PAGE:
This week we talk to Christine Burrows about ‘Aluminium Sky’ which appears in Time, the latest Microlit anthology edited by Cassandra Atherton and published in 2018 by Spineless Wonders. In this interview, Christine talks about her approach to writing microlit, what she is reading right now and her favourite time of year for putting pen to paper.
- Tell us about the inspiration behind your microlit for the Time
I met a man in a small town who showed me photos of unusual patterns of jet contrails appearing regularly in the sky and explained geoengineering. I started noticing. Then researching. Down the rabbit hole I spiralled, eyes fixed to the sky…
- When it comes to microlit, do you generally start wide and then cut down or do you always plan to write a particular piece as microlit?
I’m a poet so I like succinct; the essential. I love the meld of forms and the tight space microlit provides to conjure up something sharp and surprising. Some ideas I think “that’s a microlit or prose poem idea”.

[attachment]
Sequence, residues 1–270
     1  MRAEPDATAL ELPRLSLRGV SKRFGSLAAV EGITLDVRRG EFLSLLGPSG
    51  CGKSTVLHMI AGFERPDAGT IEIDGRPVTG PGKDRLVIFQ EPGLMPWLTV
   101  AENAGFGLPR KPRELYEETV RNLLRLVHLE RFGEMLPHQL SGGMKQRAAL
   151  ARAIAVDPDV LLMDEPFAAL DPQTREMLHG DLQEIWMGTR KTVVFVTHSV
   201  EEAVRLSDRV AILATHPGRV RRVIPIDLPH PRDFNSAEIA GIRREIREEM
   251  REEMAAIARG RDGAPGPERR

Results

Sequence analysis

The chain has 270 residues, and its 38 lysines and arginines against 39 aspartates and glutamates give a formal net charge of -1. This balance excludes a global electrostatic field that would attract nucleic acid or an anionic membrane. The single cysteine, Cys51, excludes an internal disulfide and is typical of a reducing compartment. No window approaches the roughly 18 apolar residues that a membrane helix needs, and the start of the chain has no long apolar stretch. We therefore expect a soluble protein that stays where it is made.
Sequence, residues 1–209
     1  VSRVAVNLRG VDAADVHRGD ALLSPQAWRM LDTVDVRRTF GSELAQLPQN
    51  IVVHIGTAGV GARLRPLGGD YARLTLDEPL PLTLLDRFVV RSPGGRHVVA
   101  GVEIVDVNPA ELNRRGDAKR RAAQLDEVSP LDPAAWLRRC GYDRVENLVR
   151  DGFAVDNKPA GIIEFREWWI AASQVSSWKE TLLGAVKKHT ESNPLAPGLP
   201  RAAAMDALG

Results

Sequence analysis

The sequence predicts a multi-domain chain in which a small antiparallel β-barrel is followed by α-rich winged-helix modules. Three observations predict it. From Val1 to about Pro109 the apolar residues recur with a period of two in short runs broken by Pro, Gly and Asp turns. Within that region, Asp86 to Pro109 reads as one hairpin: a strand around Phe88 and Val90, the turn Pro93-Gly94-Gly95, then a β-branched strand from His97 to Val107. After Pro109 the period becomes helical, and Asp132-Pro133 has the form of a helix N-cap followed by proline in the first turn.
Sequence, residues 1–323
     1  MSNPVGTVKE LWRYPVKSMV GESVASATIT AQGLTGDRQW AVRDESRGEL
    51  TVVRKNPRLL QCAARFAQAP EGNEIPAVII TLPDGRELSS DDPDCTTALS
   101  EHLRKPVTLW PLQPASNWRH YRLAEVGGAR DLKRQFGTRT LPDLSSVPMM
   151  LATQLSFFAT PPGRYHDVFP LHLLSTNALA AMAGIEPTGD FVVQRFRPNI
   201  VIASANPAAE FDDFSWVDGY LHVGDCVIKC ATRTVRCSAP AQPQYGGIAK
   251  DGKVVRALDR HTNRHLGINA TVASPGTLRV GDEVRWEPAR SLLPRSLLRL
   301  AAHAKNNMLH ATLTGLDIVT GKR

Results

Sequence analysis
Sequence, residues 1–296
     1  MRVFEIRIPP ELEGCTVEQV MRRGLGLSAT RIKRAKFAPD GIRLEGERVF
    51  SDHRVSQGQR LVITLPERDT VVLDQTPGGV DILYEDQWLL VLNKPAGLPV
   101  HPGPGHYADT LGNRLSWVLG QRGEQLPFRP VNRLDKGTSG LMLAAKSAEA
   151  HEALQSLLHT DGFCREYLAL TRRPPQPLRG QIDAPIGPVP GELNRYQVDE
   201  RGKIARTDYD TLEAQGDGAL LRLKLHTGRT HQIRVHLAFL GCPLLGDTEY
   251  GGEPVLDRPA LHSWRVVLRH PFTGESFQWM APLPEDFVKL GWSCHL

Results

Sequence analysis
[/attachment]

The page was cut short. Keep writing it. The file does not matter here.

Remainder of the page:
- How do you balance reading time with writing time? And tell us about the book/s you are reading at the moment.
I don’t! It’s random and opportunistic. Am loving the work of New Zealand millennials esp Ashleigh Young, Courtney Sina Meredith and Hera Lindsay Bird. Current Australian fave poets are Quinn Eades, Ali Cobby Eckerman, Tony Birch and Ian McBryde. Powerful, enlightening storytellers that grab my by the heart.
- What is your favourite season? Do you prefer to write in winter or summer and why?
Each moves me differently. I write more in winter. It’s an inward, reflective kind of season. Summer I get restless and easily distracted. It’s good for editing – those ‘aha!” edits – a word or two that totally change a piece by adding another layer or texture.
CHRISTINE BURROWS, a Melbourne poet, has appeared in many Australian and New Zealand anthologies and literary journals.Her work explores themes of grief, trauma, place, dislocation, social and environmental justice. Poetry keeps her going.